In regards to Trifles, what are roles of women in the 1800s?

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Doug Stuva eNotes educator| Certified Educator

Your question about the roles of women in the 1800s is tagged with Trifles and "Mrs. Mallard," so I'm going to assume that in addition to Susan Glaspell's play you are also thinking of Chopin's "The Story of an Hour," which features Mrs. Mallard.

The women in these works are subordinate to their husbands.  Whether the husband is abusive, as in Trifles, or loving, as in Chopin's work, the women are still subordinate.  More details are revealed by the omniscient reader of Mrs. Mallard's mind than are revealed in Glaspell's play.  In the play the reader knows that Mrs. Wright's husband killed her pet bird, the one bit of joy she had in her life.  In "The Story of an Hour" the reader knows that Mrs. Mallard, thinking that her husband is dead and she is free, looks forward to living many years during which she can live for herself and herself only, not for someone else (her husband).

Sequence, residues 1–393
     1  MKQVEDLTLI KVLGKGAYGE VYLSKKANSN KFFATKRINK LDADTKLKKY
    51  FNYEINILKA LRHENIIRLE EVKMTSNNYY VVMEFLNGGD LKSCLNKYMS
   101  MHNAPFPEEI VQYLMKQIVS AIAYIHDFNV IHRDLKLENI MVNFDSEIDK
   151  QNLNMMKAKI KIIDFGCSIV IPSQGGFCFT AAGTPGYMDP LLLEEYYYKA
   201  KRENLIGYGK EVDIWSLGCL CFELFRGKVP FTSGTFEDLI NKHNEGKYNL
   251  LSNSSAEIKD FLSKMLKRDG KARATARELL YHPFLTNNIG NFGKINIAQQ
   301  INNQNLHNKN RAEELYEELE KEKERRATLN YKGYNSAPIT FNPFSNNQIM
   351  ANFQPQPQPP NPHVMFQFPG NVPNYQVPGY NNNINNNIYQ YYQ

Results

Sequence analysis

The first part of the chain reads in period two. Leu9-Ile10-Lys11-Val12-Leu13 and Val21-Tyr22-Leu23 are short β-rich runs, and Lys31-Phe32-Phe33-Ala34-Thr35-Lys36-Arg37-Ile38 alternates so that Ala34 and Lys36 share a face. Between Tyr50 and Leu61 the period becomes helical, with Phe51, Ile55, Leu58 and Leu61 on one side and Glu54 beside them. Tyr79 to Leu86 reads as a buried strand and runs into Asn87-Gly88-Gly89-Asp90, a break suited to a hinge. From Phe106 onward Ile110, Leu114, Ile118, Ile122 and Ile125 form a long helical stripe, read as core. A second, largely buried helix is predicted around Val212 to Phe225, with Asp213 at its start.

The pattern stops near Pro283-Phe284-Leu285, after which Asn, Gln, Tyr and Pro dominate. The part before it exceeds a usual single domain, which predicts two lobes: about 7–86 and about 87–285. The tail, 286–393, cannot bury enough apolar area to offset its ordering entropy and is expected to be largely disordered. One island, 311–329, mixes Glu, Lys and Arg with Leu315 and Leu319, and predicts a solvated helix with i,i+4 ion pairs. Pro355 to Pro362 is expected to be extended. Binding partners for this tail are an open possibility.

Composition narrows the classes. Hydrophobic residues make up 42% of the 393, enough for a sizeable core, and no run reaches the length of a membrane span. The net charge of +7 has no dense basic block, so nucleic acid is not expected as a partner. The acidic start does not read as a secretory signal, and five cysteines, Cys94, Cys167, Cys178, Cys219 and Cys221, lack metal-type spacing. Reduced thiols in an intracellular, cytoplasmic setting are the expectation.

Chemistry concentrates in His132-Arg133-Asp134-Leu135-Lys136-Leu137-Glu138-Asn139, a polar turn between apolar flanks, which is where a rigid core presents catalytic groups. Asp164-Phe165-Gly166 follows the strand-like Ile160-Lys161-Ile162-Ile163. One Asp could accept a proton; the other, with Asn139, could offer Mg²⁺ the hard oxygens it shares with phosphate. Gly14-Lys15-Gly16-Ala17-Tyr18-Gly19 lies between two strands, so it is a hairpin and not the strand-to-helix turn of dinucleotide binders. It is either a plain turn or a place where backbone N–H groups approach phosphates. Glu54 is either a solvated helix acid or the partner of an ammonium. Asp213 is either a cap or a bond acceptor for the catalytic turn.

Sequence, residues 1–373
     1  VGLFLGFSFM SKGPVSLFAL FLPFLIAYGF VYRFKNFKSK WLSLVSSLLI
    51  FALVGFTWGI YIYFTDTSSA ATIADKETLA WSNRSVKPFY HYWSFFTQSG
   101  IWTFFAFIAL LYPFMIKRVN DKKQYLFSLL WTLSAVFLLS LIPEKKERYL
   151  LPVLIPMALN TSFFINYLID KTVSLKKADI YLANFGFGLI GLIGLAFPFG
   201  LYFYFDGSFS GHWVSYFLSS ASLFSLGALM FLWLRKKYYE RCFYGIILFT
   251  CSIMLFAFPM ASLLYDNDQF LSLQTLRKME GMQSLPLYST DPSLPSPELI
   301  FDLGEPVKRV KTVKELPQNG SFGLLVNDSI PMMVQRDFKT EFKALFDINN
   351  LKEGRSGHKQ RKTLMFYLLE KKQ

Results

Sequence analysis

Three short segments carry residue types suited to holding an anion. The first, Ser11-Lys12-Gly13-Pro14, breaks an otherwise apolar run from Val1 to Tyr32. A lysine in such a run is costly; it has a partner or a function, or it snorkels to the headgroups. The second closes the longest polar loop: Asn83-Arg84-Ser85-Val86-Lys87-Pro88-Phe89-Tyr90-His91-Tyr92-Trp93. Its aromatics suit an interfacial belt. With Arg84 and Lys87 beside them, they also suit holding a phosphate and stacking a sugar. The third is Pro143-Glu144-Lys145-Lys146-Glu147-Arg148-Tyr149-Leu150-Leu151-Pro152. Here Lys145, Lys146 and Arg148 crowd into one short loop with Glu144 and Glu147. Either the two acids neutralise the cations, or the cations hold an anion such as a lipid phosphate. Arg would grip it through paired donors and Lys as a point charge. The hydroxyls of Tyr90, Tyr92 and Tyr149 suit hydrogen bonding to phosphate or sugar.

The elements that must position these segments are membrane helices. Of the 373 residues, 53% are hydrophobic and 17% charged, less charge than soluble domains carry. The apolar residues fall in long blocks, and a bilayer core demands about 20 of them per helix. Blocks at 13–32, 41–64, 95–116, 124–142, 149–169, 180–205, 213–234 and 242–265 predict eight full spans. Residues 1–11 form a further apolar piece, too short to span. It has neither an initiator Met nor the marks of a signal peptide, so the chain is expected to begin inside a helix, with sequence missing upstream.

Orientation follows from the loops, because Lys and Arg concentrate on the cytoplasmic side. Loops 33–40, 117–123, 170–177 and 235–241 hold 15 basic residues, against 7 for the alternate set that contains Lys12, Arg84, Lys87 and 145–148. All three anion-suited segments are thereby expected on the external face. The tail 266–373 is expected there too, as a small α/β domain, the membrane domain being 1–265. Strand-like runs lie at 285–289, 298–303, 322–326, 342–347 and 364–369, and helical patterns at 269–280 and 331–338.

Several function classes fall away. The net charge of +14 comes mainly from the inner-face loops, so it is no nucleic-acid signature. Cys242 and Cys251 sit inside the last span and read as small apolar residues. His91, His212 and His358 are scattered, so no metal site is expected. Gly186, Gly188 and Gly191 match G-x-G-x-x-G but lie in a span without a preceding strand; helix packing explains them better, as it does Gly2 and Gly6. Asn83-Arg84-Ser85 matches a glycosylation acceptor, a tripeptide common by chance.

The lives of both of these women would have been dominated by domestic duties:  cooking, cleaning, taking care of their husbands.  Perhaps worse, their thoughts and feelings would be secondary to those of their husbands'.  They both live in a patriarchal society dominated by men.  Think of Mrs. Hale and Mrs. Peters, and how they are subordinate to the men doing the investigation.  They are definitely "second fiddle," as the cliche goes.

Living in societies that do not even give women the right to vote, and allow women few opportunities for advancement and fulfillment, both women are trapped.  One escapes, but at a heavy price, if you consider a possible prison sentence escape, and the other dies of shock when her sudden freedom is taken away.